Influence of Regular Physical Activity and Fitness on Stress Reactivity as Measured with the Trier Social Stress Test Protocol: A Systematic Review
Psychosocial stress is associated with multiple health complaints. Research to date suggests that regular physical activity (PA) and higher cardiorespiratory fitness may reduce stress reactivity and therefore contribute to a reduction of stress-related risk factors. While previous reviews have not differentiated between stressors, we focus on psychosocial stress elicited with the Trier Social Stress Test (TSST).
Our objective was to examine the effect of regular PA and cardiorespiratory fitness on stress reactivity, with a particular focus on the TSST. The TSST is the laboratory task most widely used to induce socio-evaluative stress and elicits stronger stress reactions than most other cognitive stressor tasks.
A systematic search within various databases was performed in January 2018. The following outcomes were considered: cortisol, heart rate, psychological stress reactivity, and potential moderators (age, sex, exercise intensity, assessment mode, and psychological constructs).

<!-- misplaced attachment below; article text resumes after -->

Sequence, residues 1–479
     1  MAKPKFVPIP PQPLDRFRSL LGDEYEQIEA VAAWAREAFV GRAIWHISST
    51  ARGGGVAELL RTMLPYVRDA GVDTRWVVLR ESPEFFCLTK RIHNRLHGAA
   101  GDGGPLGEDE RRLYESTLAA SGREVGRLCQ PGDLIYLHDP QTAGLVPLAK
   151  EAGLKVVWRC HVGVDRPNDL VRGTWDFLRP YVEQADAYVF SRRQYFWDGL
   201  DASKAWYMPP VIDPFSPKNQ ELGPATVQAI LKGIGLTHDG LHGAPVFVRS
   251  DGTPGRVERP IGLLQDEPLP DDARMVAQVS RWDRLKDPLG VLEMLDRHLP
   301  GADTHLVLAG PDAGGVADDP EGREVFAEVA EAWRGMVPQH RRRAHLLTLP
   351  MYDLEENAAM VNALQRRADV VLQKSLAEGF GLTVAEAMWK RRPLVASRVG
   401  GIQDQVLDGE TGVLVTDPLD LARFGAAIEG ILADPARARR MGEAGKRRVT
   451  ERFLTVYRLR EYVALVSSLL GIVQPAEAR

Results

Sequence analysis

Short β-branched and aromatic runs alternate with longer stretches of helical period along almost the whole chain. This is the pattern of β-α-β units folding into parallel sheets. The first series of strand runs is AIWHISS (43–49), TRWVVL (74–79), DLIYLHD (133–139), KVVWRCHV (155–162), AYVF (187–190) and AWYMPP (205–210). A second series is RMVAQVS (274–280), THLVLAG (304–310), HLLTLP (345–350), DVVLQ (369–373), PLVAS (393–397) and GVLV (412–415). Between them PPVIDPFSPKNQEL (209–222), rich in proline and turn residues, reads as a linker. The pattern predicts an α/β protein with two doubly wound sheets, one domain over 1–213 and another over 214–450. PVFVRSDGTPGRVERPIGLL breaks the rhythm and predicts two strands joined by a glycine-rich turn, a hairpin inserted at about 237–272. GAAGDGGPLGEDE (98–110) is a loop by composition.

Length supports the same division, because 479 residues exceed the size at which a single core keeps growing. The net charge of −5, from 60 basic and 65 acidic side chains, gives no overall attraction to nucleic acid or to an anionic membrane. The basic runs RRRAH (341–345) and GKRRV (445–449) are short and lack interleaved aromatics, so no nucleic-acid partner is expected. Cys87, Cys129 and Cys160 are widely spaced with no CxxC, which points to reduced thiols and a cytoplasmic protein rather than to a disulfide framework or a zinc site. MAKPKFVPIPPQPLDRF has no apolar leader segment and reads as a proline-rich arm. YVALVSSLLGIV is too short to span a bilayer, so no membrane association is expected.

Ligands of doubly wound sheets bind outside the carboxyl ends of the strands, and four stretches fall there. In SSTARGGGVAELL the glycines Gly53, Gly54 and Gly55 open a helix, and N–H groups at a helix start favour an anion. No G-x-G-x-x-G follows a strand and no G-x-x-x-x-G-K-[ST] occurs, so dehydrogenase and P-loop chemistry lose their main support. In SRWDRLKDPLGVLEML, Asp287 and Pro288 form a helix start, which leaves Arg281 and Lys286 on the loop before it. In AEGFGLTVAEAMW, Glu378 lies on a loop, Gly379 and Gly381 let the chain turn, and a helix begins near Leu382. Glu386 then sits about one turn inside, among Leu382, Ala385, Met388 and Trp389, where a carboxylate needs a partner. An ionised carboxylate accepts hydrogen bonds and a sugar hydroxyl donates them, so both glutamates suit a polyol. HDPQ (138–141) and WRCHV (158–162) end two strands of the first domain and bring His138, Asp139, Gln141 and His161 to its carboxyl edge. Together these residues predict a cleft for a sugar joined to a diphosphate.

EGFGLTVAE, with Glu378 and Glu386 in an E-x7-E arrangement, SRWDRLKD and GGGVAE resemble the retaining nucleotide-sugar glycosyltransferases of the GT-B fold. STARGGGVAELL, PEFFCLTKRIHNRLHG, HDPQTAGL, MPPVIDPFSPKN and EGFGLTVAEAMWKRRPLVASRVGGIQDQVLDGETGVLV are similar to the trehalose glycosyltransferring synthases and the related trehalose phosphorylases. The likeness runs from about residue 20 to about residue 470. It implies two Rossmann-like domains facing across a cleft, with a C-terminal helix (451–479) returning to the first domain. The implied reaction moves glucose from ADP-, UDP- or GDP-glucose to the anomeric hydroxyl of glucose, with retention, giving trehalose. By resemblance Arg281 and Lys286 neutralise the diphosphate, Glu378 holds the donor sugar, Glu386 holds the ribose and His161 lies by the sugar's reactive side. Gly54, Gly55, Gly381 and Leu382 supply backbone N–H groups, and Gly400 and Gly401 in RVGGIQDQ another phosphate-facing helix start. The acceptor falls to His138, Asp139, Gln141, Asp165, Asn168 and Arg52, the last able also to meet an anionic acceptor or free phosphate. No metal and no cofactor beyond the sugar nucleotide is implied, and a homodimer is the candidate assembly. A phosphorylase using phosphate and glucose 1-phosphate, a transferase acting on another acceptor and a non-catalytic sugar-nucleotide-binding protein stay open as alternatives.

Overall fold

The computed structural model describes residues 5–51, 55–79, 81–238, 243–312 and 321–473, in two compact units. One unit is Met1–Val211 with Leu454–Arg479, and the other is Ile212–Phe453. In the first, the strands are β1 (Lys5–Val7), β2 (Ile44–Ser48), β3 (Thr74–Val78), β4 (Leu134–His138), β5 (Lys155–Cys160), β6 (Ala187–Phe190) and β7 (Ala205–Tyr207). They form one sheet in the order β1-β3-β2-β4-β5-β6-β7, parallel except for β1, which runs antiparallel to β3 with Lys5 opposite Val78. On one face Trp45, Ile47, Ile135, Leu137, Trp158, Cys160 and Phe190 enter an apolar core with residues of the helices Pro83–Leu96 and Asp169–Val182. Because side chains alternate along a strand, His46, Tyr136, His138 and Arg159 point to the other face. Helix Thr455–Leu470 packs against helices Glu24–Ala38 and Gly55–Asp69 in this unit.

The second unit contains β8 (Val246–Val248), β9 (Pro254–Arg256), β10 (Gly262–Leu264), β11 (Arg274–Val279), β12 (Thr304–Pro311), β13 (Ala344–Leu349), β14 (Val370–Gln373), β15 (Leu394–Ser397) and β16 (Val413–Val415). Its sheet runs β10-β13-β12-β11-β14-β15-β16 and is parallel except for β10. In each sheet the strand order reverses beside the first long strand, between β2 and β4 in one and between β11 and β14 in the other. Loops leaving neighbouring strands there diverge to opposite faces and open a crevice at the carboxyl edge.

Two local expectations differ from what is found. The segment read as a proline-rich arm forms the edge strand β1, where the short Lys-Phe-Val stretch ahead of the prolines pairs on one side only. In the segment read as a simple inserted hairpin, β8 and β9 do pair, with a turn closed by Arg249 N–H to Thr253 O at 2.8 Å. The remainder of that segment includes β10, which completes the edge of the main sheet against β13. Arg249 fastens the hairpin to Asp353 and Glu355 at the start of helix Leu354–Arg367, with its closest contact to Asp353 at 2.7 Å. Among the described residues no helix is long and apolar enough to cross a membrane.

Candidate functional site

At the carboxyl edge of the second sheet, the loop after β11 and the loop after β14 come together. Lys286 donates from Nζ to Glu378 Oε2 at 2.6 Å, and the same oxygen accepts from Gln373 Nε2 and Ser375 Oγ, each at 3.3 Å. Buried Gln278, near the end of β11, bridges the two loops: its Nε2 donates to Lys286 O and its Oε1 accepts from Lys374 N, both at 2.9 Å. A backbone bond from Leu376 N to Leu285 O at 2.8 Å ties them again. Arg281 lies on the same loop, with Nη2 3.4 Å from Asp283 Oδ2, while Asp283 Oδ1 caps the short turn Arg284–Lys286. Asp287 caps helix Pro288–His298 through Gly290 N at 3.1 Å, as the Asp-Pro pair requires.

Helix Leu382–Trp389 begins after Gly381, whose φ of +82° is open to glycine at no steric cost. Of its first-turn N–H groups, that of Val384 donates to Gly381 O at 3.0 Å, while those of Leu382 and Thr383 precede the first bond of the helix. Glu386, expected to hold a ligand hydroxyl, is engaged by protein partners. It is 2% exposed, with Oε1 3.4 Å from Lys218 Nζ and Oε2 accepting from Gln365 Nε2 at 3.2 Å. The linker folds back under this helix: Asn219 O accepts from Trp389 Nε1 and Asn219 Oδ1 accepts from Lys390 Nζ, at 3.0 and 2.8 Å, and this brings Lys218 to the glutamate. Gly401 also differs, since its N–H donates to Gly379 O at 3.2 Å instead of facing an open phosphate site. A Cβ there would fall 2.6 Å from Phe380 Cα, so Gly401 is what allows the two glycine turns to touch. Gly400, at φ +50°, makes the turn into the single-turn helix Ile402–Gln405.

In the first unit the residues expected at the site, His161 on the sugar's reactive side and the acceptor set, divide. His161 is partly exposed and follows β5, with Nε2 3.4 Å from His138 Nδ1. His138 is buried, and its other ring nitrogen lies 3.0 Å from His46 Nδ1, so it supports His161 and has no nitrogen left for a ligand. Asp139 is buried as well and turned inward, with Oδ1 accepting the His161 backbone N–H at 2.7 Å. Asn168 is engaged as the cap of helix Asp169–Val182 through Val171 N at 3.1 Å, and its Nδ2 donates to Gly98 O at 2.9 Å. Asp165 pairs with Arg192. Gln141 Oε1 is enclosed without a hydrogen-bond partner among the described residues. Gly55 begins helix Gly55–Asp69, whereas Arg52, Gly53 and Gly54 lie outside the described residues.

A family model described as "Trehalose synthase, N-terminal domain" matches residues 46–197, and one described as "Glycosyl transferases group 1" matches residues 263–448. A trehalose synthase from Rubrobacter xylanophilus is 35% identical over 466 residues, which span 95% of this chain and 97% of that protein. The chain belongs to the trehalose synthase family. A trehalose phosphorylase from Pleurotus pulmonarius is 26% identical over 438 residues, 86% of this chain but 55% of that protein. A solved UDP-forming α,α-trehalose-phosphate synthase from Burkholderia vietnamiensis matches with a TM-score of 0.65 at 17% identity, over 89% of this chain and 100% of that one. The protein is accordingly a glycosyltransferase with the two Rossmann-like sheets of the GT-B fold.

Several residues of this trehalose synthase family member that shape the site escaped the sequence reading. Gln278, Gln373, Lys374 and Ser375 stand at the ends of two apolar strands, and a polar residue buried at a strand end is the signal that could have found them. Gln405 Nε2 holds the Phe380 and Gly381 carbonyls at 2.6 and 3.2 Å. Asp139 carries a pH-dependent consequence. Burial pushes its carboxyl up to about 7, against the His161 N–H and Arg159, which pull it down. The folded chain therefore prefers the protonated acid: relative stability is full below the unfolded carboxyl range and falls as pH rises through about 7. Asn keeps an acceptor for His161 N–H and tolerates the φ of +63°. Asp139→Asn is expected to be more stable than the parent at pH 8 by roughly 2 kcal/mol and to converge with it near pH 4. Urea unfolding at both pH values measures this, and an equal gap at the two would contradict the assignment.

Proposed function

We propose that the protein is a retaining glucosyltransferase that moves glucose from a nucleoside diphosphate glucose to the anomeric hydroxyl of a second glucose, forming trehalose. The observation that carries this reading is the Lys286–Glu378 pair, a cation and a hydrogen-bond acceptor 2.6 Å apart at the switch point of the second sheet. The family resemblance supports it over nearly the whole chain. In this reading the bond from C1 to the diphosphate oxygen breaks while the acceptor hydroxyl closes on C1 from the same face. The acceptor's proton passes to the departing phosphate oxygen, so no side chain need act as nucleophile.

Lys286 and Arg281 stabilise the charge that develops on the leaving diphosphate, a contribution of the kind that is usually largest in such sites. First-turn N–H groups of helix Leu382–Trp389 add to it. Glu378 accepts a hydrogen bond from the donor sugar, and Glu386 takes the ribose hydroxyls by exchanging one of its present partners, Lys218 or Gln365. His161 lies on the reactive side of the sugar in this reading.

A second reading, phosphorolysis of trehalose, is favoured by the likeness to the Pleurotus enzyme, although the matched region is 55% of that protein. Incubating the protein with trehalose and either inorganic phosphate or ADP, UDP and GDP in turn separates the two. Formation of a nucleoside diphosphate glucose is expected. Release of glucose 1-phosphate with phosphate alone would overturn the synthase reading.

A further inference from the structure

In total, 14 eligible studies were identified. Cortisol and heart rate reactivity were attenuated by higher PA or better fitness in seven of twelve studies and four of nine studies, respectively. Two of four studies reported smaller increases in anxiety and smaller decreases in calmness in physically active/fitter participants. Three of four studies found that higher PA/fitness was associated with more favorable mood in response to the TSST.
About half of the studies suggested that higher PA/fitness levels were associated with an attenuated response to psychosocial stress. Currently, most evidence is based on cross-sectional analyses. Therefore, a great need for further studies with longitudinal or experimental designs exists.
Compliance with Ethical Standards
No sources of funding were used to assist in the preparation of this article.
Conflict of interest
Manuel Mücke, Sebastian Ludyga, Flora Colledge, and Markus Gerber have no conflicts of interest relevant to the content of this review.
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